Sanzaar’s position can be understood through the prism of commercial value. Games where one player is sent off in the first minute (or later), are unquestionably marred as a spectacle.
That has consequences for fans, broadcasters, and sponsors who spend money on the “product”. By introducing the 20-minute red card, Sanzaar is attempting to mitigate the impact on the game of red cards, which almost exclusively stem from foul play.
And in the modern professional game, with so many cameras on players, the foul play usually manifests in the form of a head-high tackle, more often clumsy rather than intentional.
There are two major concepts at play here: punishment and behavioural change.
The 20-minute red card is certainly a punishment. Playing a quarter of the match with 14 men in a tight Test match is no small matter. If the red-carded player is the team’s most vital performer, it’s an additional punishment.
So, on the face of it, the 20-minute red card will act as a deterrent anyway, because it is a severe punishment.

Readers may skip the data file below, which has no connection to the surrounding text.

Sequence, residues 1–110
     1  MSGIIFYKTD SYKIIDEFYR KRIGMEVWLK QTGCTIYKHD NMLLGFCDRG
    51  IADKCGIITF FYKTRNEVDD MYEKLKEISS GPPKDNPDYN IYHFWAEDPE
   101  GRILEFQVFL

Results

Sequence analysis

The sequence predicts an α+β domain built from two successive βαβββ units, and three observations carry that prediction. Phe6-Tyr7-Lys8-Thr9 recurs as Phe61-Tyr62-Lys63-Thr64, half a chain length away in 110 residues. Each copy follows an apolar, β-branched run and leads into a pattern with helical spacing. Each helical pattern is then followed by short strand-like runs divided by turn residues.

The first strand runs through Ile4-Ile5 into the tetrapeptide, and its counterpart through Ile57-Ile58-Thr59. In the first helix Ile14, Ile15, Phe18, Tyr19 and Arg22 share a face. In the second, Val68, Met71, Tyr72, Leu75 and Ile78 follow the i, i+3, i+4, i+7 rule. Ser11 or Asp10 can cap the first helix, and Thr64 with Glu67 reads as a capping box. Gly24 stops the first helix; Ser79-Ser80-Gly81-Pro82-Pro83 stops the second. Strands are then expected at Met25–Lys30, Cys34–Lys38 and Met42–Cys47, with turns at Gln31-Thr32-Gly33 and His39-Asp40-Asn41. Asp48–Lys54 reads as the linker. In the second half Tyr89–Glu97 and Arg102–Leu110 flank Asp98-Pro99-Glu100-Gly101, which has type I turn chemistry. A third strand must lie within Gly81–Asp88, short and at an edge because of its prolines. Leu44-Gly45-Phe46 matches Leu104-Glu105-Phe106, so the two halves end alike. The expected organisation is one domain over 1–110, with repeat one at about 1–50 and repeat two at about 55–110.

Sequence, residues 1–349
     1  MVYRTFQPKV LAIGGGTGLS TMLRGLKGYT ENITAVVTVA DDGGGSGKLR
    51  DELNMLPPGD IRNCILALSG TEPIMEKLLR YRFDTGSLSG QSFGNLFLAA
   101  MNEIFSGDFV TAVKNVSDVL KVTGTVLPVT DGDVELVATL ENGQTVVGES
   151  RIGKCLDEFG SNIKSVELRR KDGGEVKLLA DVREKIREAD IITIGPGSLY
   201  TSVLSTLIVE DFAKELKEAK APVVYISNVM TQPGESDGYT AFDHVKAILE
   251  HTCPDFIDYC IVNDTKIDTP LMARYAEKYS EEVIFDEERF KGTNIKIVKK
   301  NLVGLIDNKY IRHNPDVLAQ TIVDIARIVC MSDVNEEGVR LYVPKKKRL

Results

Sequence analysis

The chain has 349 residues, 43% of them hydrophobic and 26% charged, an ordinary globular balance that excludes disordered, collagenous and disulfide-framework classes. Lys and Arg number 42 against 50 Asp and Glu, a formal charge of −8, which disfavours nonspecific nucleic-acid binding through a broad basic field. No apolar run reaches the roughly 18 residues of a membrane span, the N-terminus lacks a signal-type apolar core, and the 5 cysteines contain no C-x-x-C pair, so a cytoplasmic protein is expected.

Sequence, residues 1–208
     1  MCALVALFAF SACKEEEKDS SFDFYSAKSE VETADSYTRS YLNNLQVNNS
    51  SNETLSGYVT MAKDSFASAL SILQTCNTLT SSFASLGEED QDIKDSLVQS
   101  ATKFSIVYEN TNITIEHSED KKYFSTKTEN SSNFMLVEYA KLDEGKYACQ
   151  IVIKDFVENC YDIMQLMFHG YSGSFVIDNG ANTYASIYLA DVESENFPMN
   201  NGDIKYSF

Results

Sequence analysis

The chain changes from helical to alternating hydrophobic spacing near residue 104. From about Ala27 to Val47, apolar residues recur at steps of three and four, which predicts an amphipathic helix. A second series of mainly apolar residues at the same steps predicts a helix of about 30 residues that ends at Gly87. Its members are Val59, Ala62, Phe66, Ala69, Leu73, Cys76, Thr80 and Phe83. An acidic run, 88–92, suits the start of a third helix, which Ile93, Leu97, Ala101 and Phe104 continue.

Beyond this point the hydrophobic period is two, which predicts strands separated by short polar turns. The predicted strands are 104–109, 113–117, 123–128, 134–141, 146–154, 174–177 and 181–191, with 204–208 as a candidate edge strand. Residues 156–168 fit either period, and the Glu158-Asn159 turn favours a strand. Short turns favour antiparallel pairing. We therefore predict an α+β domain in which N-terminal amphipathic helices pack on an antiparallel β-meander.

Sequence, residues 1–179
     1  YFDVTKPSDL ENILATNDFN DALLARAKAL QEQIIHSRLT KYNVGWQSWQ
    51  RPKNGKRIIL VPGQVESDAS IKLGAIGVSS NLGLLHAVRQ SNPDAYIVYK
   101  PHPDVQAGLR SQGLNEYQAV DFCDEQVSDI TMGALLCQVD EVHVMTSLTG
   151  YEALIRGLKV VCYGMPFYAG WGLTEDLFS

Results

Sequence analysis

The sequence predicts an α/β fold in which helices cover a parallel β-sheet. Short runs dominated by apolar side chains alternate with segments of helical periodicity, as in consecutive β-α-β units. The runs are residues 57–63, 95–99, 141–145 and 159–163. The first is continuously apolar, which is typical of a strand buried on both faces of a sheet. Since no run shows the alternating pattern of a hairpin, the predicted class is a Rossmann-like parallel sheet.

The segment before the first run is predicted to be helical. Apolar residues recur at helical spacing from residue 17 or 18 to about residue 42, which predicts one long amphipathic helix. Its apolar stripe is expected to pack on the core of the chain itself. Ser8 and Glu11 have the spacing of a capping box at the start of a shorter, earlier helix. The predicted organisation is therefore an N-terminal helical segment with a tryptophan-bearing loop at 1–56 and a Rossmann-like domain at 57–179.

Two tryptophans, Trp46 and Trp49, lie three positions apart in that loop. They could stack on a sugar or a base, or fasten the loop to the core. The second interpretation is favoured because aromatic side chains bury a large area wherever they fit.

However, punching, biting and other severe acts of thuggery will also only be punishable with a 20-minute sanction. Nowhere in Sanzaar’s correspondence does it appear to differentiate between types of red card infringements.
However, blatant thuggery is rare, given the possibly severe post-game consequences of it. But with a 20-minute red card, one of the deterrents for would-be bruisers to administer silent and illegal justice has been removed.
The second point though is more important. Will a 20-minute red card be enough of a deterrent to change behaviour? Most head collisions in the tackle situation are the result of poor technique by the tackler.